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Wednesday, December 11, 2019

GMO foods are safe, science backs it: Nobel laureate

“Non-GMO is a western indulgence of the rich, it doesn’t work for the poor in Africa,” he said. Roberts, the chief scientific officer at New England’s Biolabs, distinguished between traditional breeding method and precision method, which means transferring genes directly into plant.

Written by Abha Goradia | Mumbai | Updated: January 11, 2019 12:08:33 pm
Nobel laureate Sir Richard Roberts at Mumbai University on Wednesday. Amit Chakravarty

POLITICIANS AROUND the world should listen to the scientists they fund and stop supporting the idea that foods produced by GMO (genetically modified organism) methods is dangerous, when science shows that they are not, said Nobel laureate Sir Richard John Roberts at the International Symposium on Biotechnology and Chemistry Innovations for Societal Benefits, at Mumbai University’s Kalina campus hosted on Wednesday. Roberts also inaugurated Mumbai University’s first incubation centre.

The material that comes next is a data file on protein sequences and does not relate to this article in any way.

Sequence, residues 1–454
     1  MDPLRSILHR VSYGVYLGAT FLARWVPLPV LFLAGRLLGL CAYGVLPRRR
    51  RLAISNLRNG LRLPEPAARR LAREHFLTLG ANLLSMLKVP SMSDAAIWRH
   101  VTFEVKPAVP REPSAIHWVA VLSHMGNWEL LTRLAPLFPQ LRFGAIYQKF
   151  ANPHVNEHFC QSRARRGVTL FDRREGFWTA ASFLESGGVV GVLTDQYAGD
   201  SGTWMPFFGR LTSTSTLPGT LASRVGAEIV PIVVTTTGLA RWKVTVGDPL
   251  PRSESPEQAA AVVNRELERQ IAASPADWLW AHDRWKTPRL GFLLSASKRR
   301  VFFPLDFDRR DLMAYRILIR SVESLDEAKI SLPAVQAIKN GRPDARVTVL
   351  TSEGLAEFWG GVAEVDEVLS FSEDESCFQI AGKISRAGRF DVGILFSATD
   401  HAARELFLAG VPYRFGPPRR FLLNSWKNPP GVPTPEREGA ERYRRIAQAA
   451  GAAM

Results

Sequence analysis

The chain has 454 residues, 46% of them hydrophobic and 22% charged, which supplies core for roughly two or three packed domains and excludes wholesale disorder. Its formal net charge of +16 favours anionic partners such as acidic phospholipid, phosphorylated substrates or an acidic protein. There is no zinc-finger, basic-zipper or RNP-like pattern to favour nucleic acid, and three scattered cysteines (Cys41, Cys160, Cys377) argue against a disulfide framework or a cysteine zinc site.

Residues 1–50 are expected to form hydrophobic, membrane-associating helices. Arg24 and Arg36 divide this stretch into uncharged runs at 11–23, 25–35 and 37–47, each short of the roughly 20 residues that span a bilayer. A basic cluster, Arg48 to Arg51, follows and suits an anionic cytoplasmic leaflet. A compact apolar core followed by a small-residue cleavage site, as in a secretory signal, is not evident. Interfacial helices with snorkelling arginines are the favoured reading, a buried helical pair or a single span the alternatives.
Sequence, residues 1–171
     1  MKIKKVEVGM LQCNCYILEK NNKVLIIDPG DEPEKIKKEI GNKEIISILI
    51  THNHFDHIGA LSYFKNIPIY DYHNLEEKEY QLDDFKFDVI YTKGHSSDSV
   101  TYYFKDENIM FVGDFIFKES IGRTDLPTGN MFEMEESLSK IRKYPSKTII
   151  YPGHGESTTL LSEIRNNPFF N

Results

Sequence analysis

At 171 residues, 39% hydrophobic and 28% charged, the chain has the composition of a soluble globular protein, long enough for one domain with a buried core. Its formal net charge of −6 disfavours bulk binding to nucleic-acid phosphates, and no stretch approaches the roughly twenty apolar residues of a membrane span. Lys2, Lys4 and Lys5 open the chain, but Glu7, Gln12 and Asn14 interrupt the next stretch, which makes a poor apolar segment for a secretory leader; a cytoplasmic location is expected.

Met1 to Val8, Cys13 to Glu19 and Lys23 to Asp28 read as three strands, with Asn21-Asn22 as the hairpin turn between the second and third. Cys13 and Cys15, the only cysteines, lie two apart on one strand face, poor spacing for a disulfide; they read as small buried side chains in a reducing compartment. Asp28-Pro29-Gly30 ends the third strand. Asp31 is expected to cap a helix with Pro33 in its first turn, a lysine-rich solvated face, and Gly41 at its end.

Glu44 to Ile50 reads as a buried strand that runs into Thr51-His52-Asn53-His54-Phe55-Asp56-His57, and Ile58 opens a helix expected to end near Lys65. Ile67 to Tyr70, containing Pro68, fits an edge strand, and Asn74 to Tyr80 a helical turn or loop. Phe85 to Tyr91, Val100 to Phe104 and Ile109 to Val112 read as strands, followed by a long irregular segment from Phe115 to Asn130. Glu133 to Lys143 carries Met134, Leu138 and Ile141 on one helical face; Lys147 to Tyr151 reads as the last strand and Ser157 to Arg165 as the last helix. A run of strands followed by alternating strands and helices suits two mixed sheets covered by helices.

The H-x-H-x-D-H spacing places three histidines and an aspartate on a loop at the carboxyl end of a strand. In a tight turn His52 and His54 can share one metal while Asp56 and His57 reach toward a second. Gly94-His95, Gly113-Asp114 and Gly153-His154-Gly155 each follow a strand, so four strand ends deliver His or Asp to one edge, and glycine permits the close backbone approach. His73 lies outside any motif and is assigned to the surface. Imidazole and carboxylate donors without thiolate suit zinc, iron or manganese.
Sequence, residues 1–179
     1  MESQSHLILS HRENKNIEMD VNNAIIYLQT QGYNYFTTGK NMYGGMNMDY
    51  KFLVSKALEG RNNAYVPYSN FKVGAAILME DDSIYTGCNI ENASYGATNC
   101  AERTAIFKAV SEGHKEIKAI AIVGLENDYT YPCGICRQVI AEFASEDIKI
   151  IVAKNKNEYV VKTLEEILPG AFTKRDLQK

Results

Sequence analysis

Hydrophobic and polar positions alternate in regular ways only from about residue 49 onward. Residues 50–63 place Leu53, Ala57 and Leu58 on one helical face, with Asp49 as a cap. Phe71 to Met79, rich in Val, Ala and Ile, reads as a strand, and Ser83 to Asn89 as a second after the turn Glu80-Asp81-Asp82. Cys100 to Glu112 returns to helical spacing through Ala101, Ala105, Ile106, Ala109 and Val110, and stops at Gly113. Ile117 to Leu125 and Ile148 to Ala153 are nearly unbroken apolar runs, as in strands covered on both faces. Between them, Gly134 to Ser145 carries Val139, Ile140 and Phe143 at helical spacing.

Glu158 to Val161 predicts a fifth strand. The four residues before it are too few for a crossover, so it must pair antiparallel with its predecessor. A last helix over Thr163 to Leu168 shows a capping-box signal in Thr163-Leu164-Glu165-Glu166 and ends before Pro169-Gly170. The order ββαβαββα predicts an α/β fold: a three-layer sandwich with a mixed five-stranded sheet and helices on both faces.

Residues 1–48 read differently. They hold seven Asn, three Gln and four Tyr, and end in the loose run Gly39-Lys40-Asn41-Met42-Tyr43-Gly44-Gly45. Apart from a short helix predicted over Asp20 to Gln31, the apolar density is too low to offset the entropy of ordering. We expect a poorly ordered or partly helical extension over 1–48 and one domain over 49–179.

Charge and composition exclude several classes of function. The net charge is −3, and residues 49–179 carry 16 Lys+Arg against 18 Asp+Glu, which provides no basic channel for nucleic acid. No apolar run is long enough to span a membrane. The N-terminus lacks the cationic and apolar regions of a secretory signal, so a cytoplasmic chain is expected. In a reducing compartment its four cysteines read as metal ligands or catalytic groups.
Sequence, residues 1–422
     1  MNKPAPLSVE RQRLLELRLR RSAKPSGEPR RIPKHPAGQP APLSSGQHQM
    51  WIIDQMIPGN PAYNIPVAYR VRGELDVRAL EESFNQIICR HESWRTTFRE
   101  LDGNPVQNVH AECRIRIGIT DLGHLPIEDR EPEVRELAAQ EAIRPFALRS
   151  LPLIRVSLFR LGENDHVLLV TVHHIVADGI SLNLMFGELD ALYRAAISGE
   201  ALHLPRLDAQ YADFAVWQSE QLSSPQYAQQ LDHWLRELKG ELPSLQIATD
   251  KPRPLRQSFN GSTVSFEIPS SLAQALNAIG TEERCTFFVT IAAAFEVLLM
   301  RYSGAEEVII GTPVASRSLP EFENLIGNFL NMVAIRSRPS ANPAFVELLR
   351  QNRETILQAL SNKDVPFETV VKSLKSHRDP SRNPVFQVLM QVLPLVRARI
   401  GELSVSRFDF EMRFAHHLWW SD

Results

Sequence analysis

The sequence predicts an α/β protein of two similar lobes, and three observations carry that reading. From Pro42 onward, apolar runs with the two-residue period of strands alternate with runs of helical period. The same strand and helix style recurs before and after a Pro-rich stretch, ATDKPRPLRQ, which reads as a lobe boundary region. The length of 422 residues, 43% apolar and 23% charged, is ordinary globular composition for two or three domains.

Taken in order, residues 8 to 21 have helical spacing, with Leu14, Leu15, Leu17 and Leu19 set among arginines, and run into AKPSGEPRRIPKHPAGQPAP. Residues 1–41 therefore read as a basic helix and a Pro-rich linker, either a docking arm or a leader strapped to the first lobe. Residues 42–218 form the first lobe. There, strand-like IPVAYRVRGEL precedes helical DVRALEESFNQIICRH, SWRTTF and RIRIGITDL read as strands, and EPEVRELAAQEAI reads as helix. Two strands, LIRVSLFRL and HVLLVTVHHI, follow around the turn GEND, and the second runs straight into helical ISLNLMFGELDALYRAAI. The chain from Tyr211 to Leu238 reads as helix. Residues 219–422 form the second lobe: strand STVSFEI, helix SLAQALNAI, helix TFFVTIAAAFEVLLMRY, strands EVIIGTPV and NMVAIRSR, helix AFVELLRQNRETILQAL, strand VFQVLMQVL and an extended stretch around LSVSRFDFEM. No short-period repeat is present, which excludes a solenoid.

“For people who live in developing countries, you need to have cheap solutions. For 800 million people who go to bed hungry at night, food is medicine,” said Roberts, adding that many people consumed GM foods without their knowledge, but there has been no problem. He said Greenpeace and other parties should stop scaring the public. “Non-GMO is a western indulgence of the rich, it doesn’t work for the poor in Africa,” he said. Roberts, the chief scientific officer at New England’s Biolabs, distinguished between traditional breeding method and precision method, which means transferring genes directly into plant.

“GMO is a precision method, and ultimately, the product is important, not the method,” he said. He stated that GM foods were probably safer than traditional foods. Roberts has written a letter to several organisations in defence of GMOs that has been endorsed by 141 Nobel laureates.

Vice-chancellor of Institute of Chemical Technology, professor GD Yadav, was the chief guest. Professor of chemistry at University of Oregon, professsor Geraldine Richmond and Freeland professor of Chemistry at University of Strathclyde, Colin Suckling also gave presentations, among others.

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